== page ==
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Educational Theories and their Implications on Education

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Elizabeth Ioannou

on 12 May 2013

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Transcript of Educational Theories and their Implications on Education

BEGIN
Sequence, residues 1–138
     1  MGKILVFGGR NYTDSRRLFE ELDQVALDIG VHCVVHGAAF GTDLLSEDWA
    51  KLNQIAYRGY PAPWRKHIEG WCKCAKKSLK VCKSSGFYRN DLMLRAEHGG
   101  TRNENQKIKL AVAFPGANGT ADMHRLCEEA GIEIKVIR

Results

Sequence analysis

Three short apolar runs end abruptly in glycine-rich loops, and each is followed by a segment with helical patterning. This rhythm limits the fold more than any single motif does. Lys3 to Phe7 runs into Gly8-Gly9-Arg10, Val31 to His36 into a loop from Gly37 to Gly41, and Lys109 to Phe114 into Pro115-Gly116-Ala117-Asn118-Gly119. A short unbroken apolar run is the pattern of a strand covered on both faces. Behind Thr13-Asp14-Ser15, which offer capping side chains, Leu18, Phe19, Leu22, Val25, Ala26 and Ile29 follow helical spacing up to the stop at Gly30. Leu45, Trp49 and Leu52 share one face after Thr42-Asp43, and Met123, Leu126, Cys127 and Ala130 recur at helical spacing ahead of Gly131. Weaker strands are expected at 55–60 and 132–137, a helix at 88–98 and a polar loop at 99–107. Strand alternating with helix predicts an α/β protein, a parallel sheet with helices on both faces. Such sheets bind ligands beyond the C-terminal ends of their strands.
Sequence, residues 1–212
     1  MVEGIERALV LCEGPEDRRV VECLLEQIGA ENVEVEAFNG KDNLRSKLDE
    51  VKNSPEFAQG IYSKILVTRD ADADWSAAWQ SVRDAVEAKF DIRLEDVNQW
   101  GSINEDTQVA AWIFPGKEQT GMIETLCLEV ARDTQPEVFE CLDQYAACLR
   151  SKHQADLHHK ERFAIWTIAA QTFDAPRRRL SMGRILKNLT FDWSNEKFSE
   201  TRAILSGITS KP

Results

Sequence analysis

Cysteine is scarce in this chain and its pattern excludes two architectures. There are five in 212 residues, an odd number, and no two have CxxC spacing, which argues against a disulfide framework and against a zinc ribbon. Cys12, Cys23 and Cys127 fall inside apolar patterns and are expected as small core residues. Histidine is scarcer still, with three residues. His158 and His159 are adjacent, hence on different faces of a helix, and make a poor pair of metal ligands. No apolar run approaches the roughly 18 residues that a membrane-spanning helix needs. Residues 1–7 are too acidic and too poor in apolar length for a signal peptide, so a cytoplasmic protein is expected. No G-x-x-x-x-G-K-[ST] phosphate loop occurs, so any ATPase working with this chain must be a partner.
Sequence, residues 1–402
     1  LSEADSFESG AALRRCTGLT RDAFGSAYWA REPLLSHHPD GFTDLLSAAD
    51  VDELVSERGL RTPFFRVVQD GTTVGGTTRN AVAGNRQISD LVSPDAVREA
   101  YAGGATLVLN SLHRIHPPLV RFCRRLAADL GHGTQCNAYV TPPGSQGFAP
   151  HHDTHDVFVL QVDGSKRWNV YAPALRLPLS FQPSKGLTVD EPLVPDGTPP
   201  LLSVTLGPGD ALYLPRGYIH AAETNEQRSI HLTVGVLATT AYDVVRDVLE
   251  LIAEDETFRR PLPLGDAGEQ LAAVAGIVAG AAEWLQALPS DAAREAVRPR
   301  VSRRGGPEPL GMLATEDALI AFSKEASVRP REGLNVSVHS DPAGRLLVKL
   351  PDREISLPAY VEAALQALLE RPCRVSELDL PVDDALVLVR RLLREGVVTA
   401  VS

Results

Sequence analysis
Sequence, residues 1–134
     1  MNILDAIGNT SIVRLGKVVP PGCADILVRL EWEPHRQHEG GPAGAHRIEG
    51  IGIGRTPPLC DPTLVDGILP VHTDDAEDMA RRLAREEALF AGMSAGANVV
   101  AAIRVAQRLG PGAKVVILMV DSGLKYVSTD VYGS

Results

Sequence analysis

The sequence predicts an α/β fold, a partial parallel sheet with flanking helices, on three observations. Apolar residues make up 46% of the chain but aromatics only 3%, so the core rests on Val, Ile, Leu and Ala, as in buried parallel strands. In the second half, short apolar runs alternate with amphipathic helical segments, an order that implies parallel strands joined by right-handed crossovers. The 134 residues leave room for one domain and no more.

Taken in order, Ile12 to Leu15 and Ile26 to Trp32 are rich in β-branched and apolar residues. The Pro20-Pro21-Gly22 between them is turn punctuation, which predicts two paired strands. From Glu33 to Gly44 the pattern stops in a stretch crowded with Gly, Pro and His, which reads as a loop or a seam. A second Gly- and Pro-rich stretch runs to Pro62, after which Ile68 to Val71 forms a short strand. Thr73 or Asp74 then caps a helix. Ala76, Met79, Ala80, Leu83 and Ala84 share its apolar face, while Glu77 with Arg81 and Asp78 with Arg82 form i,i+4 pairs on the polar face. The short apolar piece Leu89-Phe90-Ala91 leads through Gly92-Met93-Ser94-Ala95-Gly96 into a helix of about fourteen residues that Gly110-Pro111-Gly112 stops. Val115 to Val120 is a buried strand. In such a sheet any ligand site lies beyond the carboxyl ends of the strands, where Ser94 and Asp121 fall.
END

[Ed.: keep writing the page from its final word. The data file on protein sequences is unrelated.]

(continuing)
This presentation will demonstrate how present educational practices in the primary division have been influenced by the research of various theorists. Educational Theories and the Educational Journey Present day teaching methods in the primary grade are predominantly influenced by some of histories most influential Educational Theorists. Freud, Vygotsky, Paiget, Dreikurs and Erikson, are among the most popular theorists of their time, and although they have some contradictory views, each has built upon the others work. There is no disputing that all believed that children develop based on very specific stages. It is as a result of these stages that we group students into divisions within schools, ie. the primary division, because although changes in development happen within these stages, it is within these divisions that students are most similar and although there are differences between each grade in the division, in some ways students in each division are very similar. In Erikson's Theory of Development the fourth stage of development begins when students start Kindergarten. He suggests in this stage that teachers should "mildly but firmly coerce children in the adventure of finding out that one can learn to accomplish things which one would never have thought by oneself". The Kindergarten curriculum, in the last 4 years has really shifted away from the idea of themes, towards an inquiry based model, I believe as a direct result of the thinking around educational theories. In the new Kindergarten program students learn about the world around them through inquiries and investigations, teachers provide a framework for within students to work and investigate through hands on activities and the discussions are driven by students questions. Please look at the you tube video for an excellent example of this type of teaching. Topics discussed in class are a direct result of student inquiries. Educators need to observe students and take advantage of "sensitive moments" as Maria Montessori called them, because it is during these moments that a child's mind is most receptive. Kindergarten Age 4-5 The Grade 1 and 2 Learner, Ages 6-7 The Grade 3 Learner, Age 8 Within the school setting parents are seen as partners in education, it is important for parents and teachers to have open lines of communication in order for the student to reach his or her full potential. Students in the primary grades are taught about character traits which will help them to understand how to become model citizens within their school community (ie. respect, empathy, integrity, etc). Teachers also try to foster moral development through Kohlberg's stages of moral development, where they try to have students reach the post-conventional stage, where everything is taken into consideration when making a decision. Furthermore, when students are doing something unfavorable, educators try to take on a authoritative style of discipline, where the teacher talks with the child and gives reasons for the rules, and children are encouraged to share their opinions. The video on the right describes this approach from a parenting perspective and the video on the left demonstrates an example of this type of parenting/discipline style in a real context. Managing Behavior in the Primary Division Educational Theorists And The Primary Education System The grade 1 and 2 learner is in the process of exiting Paigets preoperational stage and entering the concrete operational stage. In the preoperational stage students represent the world with words, images and drawings. Many of the methods teachers use to teach within the grade 1 and 2 classroom typically use pictures and words especially in subjects like math where students still have difficulty with abstract thinking. At the age of 6, students begin to recognize words by sight, are able to carry on understandable conversations and they know right from wrong but continue to require adult support. At the age of 7, students dexterity improves, they begin to understand that there are consequences to their actions and begin to develop the ability to create descriptive and detailed stories. The grade 1 classrooms primary focus is to develop vocabulary and literacy skills, especially in reading; these classrooms are often text rich and a lot of the literacy that is taught is directly related to science and social studies curriculum. The grade 2 classroom, while continuing to focus on literacy skills, begins to help students develop descriptive writing skills and begins to look further than the basic retell that students were previously accustomed to. In both grades students learn best through hands on activities where they can use their abundance of energy, and can experience first, then apply their learning. Students in grade 3 are in the most transition out of all students in the primary division. It is in grade 3, where students begin to question their own identity and struggle both with wanting to act childish and seeking independence. By the age of 8 students reading abilities should be almost fully developed, and they should read with ease and understand what is read. It is for this reason that DRA reading assessment is not continued past grade 3 and why in grade 4 students begin to write CASI which is a comprehension assessment. Furthermore, it is for those reasons that EQAO is also administered in the grade 3 year, students in grade 3 also improve their ability to plan and organize which helps them to navigate the standardized testing process. According to both Paiget and Erikson, it is during the ages of 7-8 where students begin to understand others points of views and learn to think about others. Students in grade 3 have also entered the concrete operational stage, according to Paigets theory; it is in this stage that students begin to learn how to perform operations and logical reasoning begins to replace intuitive thought, this reasoning however needs to be applied to specific examples. In mathematics in grade 3 students begin to use formulas to solve more complex math problems, such as perimeter; furthermore, students also learn to compare and contrast multiple characteristics of objects or ideas (ie. in geometry they compare figures by # of vertices/points, # of sides/edges, and # of faces)